Posts Tagged ‘turing machines’

The NKS summer school archive site is live.  I figured it would be best for me to wait until that was done before I attempted to post my project or write too much about other’s projects.

You can check out a summary of what I did personally on the Wolfram site.

Project Title 
Perturbing Turing Machines

Perturbations to elementary cellular automata have been investigated thoroughly. Under a certain level of perturbation, there are slight changes to local patterns but the automata tend to recover globally. The more complicated rules show greater disturbance but still can tolerate perturbations. This study considers similar perturbations to Turing machines.

Do Turing machines exhibit similar behavior?

“And the reason this is important is that in any real experiment, there are inevitably perturbations on the system one is looking at” (NKS p. 324). We must account for the effects of perturbations to draw any connections between these simple constructs and their natural counterparts.

Every project done there was interesting.  I encourage readers to check them all out.  Some projects are more abstract than others and all were a good launch pad for further research or immediate practical use.

I do have to call out Ben Rapoport’s project on neuronal computations.  It was beautiful in many ways.

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Have you ever played Civilization, the computer game?

Determined and yet unpredicable

Determined and yet unpredicable

If you haven’t, it’s really fun.  However, that’s not the point of this post nor the title.

What makes Civ or Sim City or any of the other sim games so interesting is that they are a great example of what it means to be completely determined and yet totally unpredictable.

So what, you say?  It’s a computer game.

Ah, I contest this game is far more like the real world than one might suspect.  Yes, I can “freely” control what I do with my civilization – move my citizens around, build different things, arm, disarm, trade, war, research, pray, etc. etc.  However, I’m actually quite forced into almost every move once all the contingencies come home to roost.  Did the computer just attack me?  Do I have the money? Do I have the people? How much power do I have? All of those and more filter the space of all possible moves.  Perhaps there’s a few “free” choices left on each move that become probabilities but even those are held under control based on contingencies (like my preferences for how to move).

So why then are the games (life?) unpredictable?  For one, initial conditions.  The set up of the geography, placement on the map, type of people and so forth change every time you start the game, so the game (under the same predetermined moves) takes a completely different form.  I’m always careful in discussing initial conditions because you can’t really ever make a claim as to what a real “initial” condition is in the real world (or even the game), as something must determine the initial condition you are looking at (even if it is a “random number generator).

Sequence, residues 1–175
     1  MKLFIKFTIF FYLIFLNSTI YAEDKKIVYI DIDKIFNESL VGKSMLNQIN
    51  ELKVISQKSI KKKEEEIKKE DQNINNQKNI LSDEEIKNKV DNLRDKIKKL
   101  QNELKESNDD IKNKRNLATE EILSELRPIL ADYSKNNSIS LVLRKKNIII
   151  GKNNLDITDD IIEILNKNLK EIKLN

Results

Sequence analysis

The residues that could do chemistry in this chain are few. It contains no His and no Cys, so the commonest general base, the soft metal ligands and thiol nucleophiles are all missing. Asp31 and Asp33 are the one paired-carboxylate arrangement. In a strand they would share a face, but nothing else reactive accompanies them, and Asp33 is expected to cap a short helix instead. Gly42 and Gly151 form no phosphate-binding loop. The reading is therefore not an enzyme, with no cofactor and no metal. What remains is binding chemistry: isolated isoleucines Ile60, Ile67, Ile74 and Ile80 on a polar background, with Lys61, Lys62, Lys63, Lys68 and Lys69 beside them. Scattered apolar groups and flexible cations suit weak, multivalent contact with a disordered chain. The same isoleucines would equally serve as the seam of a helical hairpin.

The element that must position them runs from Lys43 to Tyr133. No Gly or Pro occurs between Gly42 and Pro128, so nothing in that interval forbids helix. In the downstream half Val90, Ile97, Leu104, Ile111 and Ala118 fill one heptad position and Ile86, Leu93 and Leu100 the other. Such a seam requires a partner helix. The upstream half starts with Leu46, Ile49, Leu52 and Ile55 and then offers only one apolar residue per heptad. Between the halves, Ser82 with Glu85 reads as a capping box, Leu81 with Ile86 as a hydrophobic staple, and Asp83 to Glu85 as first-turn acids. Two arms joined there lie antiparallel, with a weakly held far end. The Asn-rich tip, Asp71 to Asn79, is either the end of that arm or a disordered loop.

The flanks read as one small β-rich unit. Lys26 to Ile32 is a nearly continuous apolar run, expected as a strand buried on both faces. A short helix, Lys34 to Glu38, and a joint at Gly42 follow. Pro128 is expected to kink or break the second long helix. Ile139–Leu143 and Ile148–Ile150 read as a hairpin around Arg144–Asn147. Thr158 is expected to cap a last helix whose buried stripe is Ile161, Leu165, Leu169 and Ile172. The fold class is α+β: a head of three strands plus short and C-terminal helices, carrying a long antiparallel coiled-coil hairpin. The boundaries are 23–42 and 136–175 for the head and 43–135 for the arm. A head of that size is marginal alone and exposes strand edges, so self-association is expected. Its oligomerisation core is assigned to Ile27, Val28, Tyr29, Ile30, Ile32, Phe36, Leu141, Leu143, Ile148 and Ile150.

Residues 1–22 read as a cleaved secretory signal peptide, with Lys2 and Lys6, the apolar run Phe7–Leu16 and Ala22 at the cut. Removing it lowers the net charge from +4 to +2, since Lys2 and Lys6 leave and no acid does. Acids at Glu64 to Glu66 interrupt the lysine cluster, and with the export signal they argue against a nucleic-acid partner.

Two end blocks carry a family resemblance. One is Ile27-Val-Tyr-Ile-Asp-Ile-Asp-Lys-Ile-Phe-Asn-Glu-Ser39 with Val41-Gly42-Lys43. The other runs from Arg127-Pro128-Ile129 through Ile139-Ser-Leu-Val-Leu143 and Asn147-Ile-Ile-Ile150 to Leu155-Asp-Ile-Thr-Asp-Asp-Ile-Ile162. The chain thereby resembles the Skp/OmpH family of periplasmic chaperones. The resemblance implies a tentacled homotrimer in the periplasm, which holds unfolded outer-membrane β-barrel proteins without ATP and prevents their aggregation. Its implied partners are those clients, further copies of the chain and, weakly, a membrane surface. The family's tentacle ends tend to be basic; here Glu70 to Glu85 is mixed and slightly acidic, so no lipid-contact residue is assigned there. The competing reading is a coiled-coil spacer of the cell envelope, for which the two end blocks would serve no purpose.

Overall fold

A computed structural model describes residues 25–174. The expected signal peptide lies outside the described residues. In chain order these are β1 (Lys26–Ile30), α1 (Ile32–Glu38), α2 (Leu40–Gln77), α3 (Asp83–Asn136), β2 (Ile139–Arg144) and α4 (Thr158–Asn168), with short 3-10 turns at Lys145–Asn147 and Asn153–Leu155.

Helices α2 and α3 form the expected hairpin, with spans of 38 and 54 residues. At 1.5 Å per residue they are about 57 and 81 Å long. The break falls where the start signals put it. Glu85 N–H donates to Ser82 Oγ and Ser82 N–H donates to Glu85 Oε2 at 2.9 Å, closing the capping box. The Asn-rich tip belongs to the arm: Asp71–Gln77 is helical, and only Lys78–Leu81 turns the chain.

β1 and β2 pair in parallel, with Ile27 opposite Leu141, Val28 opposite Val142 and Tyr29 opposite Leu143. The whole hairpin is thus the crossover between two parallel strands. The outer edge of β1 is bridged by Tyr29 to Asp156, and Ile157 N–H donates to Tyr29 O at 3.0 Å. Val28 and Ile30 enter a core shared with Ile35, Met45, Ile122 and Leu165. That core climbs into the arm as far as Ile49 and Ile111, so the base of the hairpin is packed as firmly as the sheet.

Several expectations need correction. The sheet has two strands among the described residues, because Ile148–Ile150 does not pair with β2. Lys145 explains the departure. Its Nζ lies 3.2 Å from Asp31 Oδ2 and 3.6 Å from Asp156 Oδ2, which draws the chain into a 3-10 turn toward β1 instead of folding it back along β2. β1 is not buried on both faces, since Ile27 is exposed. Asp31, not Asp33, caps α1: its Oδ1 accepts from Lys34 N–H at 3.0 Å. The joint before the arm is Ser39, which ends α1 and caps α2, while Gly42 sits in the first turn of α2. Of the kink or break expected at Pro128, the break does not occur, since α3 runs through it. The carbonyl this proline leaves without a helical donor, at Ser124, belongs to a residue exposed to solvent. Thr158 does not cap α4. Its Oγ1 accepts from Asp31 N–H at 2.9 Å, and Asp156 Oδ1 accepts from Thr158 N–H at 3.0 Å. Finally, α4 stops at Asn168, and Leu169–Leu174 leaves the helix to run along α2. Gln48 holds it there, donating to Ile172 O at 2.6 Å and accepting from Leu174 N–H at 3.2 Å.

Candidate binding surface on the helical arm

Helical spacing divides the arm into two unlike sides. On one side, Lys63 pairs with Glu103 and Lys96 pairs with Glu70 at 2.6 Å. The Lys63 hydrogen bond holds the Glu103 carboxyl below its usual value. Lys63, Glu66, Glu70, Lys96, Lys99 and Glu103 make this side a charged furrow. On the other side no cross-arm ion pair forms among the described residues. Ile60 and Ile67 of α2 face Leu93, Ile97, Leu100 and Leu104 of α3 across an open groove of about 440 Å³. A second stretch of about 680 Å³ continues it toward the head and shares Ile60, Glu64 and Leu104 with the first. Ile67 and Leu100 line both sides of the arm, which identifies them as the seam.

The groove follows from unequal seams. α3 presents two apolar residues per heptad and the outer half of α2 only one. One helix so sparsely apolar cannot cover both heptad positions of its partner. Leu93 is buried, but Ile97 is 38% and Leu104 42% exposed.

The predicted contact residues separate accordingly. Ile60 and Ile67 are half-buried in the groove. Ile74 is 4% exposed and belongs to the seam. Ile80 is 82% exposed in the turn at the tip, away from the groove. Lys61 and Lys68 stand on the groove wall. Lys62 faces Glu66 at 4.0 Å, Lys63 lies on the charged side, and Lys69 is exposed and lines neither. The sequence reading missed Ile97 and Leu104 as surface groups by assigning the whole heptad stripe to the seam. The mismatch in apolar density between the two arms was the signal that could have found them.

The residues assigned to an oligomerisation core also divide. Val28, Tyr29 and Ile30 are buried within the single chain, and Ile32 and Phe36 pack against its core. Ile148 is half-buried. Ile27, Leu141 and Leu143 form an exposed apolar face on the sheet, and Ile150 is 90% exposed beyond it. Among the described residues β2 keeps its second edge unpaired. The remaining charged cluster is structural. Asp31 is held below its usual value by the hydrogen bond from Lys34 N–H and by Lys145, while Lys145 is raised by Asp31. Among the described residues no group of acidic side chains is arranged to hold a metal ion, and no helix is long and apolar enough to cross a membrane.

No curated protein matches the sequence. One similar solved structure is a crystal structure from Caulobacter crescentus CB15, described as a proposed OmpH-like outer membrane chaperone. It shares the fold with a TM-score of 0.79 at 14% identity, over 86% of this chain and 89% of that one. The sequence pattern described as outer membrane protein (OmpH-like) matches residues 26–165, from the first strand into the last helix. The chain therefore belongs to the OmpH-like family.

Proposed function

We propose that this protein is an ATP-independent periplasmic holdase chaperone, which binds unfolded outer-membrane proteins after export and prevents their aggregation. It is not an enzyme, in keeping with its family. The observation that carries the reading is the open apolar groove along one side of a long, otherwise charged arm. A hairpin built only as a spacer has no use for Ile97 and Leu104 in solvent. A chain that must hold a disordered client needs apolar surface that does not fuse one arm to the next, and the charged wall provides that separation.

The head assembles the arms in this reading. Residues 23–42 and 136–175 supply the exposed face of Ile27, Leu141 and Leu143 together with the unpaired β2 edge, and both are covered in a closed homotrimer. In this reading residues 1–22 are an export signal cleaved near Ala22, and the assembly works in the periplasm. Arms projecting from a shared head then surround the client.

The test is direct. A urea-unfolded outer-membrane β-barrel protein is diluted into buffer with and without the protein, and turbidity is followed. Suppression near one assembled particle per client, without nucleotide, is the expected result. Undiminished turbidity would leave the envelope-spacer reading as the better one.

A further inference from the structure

Amazingly, it’s not just interesting initial conditions.  Simple rules (even the most basic rules you can imagine) can operate in fully unpredictable ways.  examples: http://mathworld.wolfram.com/Rule110.html and http://www.johnkyrk.com/DNAtranscription.html and http://en.wikipedia.org/wiki/Prime_number.  These three examples all of very simple rules of operation (how you generate them, how they evolve, etc. etc), yet their outcome/their behavior/their product is not predictable.

I digress (and don’t you hate when people say “I digress”?).

Perhaps my silly use of computer games does nothing for my argument about there being things that completely determined and unpredictable.  I could, of course, turn your attention to cellular automata or turing machines or some other simple system -some of these types of systems are unpredictable and they all are completely determined.  Unfortunately, many folks will complain that these aren’t “real world.”  The real world is full of indeterminism and lots of messy things that aren’t like computer games or automata.

It’s true that the world is full of systems that aren’t computer games or automata!  However, it’s not obviously true that these systems are indeterminate! How can we figure that out?

One way, if I can show you determined systems that exhibit the same behavior as the supposed indeterminate systems, that’s some evidence for determinate systems.

If I can drill down on your indetermined system enough I will like find your “rules” that drive it.  That’s my conjecture.  Send me a system, and we can discuss.  (markets, DNA, whatever you want).

Human behavior exists in this world of determined and the unpredictable.  Reinforcers/consequences, conditioned stimuli, unconditioned stimuli, discriminant stimulus — (biology + genetics + nervous system + environment) — control the behavior.  Layers of rules applied to a complex biological system.  It’s all weirdly determined but completely unpredictable.

Falsify my claim.

Suppose this is true.  So what?  The implications are relative to you.  If indeterminism services your world view or scientific approach, perhaps the implications are grave.

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